Surrey is the ideal place for a mixed “at-large” and “ward system” of electing city councillors and the mayor. This is because of its distinctive town centres and its history of using both political systems in the past.
So what would this mixed system look like? The mayor and three city councillors can be elected at-large to represent the interests of the entire city. Furthermore, seven city councillors can be elected to represent the following town centres:
• Ward 1: Surrey City Centre
• Ward 2: Whalley
• Ward 3: Guildford
• Ward 4: Fleetwood
• Ward 5: Cloverdale
• Ward 6: Newton
• Ward 7: South Surrey
This would total 10 city councillors and the mayor for 11 voting members of Surrey council. This would provide Surrey with the same political representation as the City of Vancouver, which is more than appropriate considering Surrey’s growing size and stature.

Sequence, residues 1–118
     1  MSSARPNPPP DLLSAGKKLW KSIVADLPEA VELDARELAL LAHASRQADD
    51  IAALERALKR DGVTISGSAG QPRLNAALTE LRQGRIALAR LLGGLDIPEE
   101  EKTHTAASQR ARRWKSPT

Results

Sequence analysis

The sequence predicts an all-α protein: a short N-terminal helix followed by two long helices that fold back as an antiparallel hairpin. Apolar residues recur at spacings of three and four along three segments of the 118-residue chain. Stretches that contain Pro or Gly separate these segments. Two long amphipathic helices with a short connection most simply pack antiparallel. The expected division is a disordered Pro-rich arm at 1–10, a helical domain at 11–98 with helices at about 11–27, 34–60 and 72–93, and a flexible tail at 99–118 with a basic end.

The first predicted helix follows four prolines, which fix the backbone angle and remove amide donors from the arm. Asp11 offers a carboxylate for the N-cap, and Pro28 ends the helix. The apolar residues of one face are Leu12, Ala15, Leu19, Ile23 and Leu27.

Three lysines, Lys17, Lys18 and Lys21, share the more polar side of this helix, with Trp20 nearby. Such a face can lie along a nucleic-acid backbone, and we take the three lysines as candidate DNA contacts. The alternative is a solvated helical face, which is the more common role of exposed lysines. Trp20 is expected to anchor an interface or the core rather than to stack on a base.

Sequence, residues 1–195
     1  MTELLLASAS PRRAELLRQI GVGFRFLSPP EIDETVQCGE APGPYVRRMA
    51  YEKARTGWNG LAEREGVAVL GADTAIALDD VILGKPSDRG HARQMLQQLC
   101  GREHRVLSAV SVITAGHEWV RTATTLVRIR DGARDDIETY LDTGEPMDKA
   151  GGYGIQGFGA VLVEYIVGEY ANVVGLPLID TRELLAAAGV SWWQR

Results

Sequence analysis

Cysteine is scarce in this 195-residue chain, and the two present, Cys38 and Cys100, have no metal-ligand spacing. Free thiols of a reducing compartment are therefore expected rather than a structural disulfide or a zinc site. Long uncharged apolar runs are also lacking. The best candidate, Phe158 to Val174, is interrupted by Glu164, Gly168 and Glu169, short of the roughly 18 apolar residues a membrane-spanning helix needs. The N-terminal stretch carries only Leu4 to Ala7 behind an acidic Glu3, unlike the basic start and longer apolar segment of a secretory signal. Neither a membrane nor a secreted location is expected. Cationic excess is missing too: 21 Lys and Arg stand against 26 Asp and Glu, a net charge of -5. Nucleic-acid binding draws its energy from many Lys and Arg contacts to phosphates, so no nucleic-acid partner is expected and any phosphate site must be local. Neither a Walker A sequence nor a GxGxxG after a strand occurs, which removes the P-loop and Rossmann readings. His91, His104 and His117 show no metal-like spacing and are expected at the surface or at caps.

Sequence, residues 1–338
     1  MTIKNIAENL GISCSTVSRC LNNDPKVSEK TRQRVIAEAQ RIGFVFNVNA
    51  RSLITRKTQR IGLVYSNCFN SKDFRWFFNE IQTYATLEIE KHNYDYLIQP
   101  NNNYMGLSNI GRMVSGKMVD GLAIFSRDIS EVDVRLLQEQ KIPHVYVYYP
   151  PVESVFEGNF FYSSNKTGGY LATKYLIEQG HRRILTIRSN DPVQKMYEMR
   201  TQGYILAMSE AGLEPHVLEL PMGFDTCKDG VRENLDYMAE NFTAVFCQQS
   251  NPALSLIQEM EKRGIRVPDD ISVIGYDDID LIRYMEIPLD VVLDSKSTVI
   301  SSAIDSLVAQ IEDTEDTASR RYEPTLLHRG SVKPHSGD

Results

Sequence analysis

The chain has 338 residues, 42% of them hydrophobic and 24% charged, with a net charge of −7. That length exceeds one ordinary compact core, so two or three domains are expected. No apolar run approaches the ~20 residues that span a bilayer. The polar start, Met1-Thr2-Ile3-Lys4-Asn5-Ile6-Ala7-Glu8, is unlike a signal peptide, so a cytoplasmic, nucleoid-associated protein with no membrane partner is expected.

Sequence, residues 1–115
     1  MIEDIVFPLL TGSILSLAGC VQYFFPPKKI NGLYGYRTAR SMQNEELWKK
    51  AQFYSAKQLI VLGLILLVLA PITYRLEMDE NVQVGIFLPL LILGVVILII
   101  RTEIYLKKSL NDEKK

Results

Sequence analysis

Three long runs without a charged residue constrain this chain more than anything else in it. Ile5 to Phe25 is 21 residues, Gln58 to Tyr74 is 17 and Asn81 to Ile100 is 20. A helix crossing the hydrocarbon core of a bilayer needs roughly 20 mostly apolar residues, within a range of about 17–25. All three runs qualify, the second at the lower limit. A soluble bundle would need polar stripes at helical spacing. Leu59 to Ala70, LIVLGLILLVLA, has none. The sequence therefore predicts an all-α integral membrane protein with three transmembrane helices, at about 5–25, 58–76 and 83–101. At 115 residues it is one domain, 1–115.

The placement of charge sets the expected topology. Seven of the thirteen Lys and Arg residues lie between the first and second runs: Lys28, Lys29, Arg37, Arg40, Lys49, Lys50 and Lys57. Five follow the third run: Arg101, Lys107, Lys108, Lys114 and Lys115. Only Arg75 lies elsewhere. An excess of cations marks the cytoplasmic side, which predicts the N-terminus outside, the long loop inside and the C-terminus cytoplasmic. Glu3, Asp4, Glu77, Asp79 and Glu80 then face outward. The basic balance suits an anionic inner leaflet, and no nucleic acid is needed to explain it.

So what are the benefits of a mixed system of local government? There are many! Residents would know who their city councillors is and who to turn to for help. If a resident did not like their local councillor they still have three other at-large councillors and the mayor to turn to. The ward councillors could focus on local issues in their town centre, while the at-large councillors could focus on major citywide issues. It's basicially political specialization at work. It's a better distribution of the political workload.
This mixed system would also be more democratic. Potential political candidates would not have to raise thousands of dollars to run a citywide campaign. Independents would have a good chance of getting elected. Most importantly, there would be equal representation from all parts of Surrey.
Every major city in Canada, including Montreal, Toronto, Ottawa, and Calgary, has a ward system. Vancouver tried to get a ward system recently. Vancouver made a mistake of not offering a mixed at-large and ward system to its residents.
Surrey can make history in British Columbia and Canada by adopting a mixed at-large and ward system of local government.
Alex Sangha is a registered social worker in B.C.